What happens after the five years pass? I seem to recall Microsoft made five year (or similar length) deals with Sybase, Symantec, Corel, Borland, Citrix, and other companies that thrived before the deals only to be reduced to insignificant gnats afterward. All of these deals involved giving the company a bundle of money and promising them they'd prosper. All of these companys were promptly discarded as partners once Microsoft gained what it needed to eliminate them as serious competition.
Microsoft has once again suckered a company. It dangled pretty, shiny short-term gains in front of Novell/SUSE while, at worst, planning their long-term extinction, at best, planning to use the success of Novell/SUSE to bleed its customer base. If Novell/SUSE becomes the king of Linux in five years, you can bet Microsoft will send its thugs over to Novell and raise its "no-sue covenant" protection payments through the roof. I've compared Microsoft to Al Capone before. I see no reason to think Microsoft has morphed into a kinder gentler thug.
My five year deal
I propose the following as an alternative five year deal between Linux users and Microsoft.
Novell/SUSE users and customers should wipe Novell/SUSE off their disks and install virtually any non-Novell/SUSE alternative in its place. Dump all MONO development for any of the many excellent alternatives, and abandon your investment in all Novell-based open or closed source tools. Ditch Evolution for one of the many great alternatives. Deep-six anything that has the smell of Novell/SUSE on it.
Granted, this will take time for some organizations. Don't worry, you've got five years. As long as you refuse to send another penny to Novell while you migrate, the plan will work.
Here's the point. Microsoft is attempting to manipulate (read: control and/or extinquish) Linux. Its plan is to make Novell/SUSE the king of Linux within the next five years. Once that five years is completed and Novell/SUSE Linux is on top, Microsoft will be in a position to do just about anything it wants. It can eradicate Linux, sabotage it, or simply demand outrageous fees from Novell/SUSE for every copy sold. Who do you think will pay those fees? You, if you adopt Novell/SUSE products. And that money will simply funnel right to Microsoft. You might just as well give up on Linux right now and adopt Vista, if that's the road you want to take.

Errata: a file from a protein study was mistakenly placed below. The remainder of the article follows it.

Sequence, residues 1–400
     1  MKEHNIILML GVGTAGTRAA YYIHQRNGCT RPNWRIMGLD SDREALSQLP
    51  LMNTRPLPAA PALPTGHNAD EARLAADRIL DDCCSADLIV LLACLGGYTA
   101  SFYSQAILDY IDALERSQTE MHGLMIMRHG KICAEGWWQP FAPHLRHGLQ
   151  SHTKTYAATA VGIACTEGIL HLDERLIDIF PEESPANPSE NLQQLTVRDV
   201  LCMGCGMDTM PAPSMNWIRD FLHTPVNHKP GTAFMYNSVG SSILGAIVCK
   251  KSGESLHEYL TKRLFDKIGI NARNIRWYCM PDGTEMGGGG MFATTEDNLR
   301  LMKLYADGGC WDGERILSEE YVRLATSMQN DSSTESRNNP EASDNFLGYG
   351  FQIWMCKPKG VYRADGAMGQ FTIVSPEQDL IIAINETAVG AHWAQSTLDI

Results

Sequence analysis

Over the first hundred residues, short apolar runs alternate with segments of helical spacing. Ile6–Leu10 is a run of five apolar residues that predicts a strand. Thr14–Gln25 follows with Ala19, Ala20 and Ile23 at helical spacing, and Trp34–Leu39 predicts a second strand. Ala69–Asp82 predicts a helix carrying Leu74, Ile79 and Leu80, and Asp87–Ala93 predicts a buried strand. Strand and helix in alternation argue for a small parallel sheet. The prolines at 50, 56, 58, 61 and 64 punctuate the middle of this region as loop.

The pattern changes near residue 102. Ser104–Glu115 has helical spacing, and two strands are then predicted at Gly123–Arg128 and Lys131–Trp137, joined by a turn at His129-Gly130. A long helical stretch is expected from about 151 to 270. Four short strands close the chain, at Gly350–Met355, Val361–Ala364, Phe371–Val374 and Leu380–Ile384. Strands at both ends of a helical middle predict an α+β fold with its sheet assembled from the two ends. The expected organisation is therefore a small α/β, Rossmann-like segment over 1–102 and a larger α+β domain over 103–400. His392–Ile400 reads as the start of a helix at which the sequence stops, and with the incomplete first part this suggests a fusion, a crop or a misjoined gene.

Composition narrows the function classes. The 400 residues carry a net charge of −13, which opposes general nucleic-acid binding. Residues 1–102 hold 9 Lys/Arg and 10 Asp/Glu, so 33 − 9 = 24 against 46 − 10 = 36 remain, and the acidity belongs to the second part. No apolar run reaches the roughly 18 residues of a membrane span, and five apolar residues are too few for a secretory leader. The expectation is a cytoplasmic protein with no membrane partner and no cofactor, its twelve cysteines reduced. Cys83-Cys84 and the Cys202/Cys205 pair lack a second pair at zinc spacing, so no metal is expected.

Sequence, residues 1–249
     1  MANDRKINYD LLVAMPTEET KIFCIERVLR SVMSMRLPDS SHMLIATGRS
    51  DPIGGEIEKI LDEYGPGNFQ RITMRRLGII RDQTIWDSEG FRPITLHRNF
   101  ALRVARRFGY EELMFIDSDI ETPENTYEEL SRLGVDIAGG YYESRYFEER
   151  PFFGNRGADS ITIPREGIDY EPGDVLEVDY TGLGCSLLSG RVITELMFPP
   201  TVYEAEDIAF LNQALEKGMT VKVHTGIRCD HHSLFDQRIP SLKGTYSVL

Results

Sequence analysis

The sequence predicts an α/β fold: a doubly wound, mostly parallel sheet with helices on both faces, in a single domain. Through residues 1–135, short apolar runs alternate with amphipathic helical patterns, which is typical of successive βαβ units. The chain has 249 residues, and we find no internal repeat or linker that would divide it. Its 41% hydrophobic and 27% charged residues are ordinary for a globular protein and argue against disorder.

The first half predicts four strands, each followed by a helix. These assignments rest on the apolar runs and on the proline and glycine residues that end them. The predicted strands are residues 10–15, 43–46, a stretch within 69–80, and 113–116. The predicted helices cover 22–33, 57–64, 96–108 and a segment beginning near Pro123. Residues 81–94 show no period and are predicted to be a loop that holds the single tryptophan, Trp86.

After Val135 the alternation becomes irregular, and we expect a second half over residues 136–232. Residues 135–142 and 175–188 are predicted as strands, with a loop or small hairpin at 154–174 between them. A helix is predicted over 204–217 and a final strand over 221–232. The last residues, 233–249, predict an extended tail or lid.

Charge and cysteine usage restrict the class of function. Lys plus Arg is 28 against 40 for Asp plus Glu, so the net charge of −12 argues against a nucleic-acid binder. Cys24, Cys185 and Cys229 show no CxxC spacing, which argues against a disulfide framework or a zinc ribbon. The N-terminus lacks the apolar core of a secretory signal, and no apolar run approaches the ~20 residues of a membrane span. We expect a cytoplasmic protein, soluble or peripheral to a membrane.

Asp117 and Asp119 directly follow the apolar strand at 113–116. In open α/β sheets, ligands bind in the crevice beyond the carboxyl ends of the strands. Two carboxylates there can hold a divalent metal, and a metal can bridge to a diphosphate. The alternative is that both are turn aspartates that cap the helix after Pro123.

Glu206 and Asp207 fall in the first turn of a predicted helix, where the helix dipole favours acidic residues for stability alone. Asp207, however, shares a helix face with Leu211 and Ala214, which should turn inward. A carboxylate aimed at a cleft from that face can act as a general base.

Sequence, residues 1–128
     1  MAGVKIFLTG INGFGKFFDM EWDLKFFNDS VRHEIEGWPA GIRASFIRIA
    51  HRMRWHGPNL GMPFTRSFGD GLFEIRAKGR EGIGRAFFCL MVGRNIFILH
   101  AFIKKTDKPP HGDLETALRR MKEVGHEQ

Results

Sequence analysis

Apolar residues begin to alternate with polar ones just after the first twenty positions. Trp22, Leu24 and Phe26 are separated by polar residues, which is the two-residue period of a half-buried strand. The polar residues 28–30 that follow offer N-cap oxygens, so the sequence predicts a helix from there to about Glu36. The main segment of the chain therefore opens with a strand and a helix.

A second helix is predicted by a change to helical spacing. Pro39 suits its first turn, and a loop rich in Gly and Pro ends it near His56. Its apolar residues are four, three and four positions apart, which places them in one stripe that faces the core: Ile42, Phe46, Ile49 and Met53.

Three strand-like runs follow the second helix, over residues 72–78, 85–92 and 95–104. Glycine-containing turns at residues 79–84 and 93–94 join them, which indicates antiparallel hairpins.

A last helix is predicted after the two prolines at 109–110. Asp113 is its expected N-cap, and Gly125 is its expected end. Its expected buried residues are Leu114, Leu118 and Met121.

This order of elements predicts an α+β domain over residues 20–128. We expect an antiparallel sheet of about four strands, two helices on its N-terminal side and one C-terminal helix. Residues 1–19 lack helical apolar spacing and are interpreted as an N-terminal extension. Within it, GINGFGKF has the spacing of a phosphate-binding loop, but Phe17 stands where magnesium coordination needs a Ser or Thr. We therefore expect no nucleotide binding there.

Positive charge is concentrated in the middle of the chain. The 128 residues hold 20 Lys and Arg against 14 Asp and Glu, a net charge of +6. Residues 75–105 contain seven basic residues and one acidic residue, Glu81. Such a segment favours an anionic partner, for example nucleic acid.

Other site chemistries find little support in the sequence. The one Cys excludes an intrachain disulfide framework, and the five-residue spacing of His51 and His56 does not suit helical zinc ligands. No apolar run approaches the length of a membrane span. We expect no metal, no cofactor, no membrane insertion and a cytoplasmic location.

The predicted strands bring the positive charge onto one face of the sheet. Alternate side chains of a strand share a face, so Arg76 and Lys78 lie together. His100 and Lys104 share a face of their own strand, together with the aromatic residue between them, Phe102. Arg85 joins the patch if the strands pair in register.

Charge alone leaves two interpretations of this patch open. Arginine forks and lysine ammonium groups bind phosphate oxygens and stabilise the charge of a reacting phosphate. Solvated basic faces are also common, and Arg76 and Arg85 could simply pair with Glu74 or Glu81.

I say, no! Force Microsoft's hand. Subvert Microsoft's plan by refusing to use Novell/SUSE products, and Microsoft will have no other way to manipulate the future of Linux except through patent lawsuits. In a Novell/SUSE-free world, Microsoft will have no other choice.
Microsoft has been preparing for this war for a long time. Why do you think Microsoft bought the patent for OpenGL? Let the war begin, if Microsoft dares. Let IBM whip out its patent portfolio. I don't mind playing a game of "let's you and him fight" while I use Debian, Fedora, or whatever. Neither should you. And don't fear that possibility that Microsoft can threaten your use of a non-Novell/SUSE Linux while they fight it out. I am certain that Microsoft would be restricted from doing so by an injunction until the matter is settled. Any alternative would be to grant Microsoft a risk-free monopoly on the server market.
The Free Software Foundation lawyers should stop wasting its time trying to eradicate DRM through licenses that won't get adopted or work, and spend their time enforcing the license that is already in widespread use. Take Novell to court over its violation of section 7 of the GPL. Force Novell to explain why it is paying Microsoft royalties to guarantee that Microsoft won't sue its customers over patent infringements that do not exist.
Indeed, if, as the company claims, Novell/SUSE Linux and its Open Source software does not infringe on any Microsoft patents, then Microsoft should be brought up on charges of racketeering for asking Novell to pay money to prevent Microsoft from suing its customers.
From the Wikipedia on Racket (my comment in ):
Several forms of racket exist. The best-known is the protection racket, in which criminals demand money from businesses in exchange for the service of "protection" against crimes that the racketeers instigate [such as suing SUSE customers under false charges of patent infringements] if unpaid. Or, "pay me so that you won't have a 'mysterious fire' in your warehouse ..."
As I say in one of the comments below, if there are no patent infringements in Novell/SUSE Linux closed and open source products, then Microsoft is simply collecting protection money by threatening to use its deep pockets to tie up Novell/SUSE and/or Novell/SUSE customers with lawsuits over patent violations that don't exist. That is clearly racketeering.
No matter who is guilty of what, I refuse to be a part of it. By the end of this day, SUSE Linux will no longer soil my hard drive. I'm taking a stand. How about you?
- March 2015 Issue of Linux Journal: System Administration
- High-Availability Storage with HA-LVM
- DNSMasq, the Pint-Sized Super Dæmon!
- Localhost DNS Cache
- Real-Time Rogue Wireless Access Point Detection with the Raspberry Pi
- Days Between Dates: the Counting
- You're the Boss with UBOS
- The Usability of GNOME
- Multitenant Sites
- Linux for Astronomers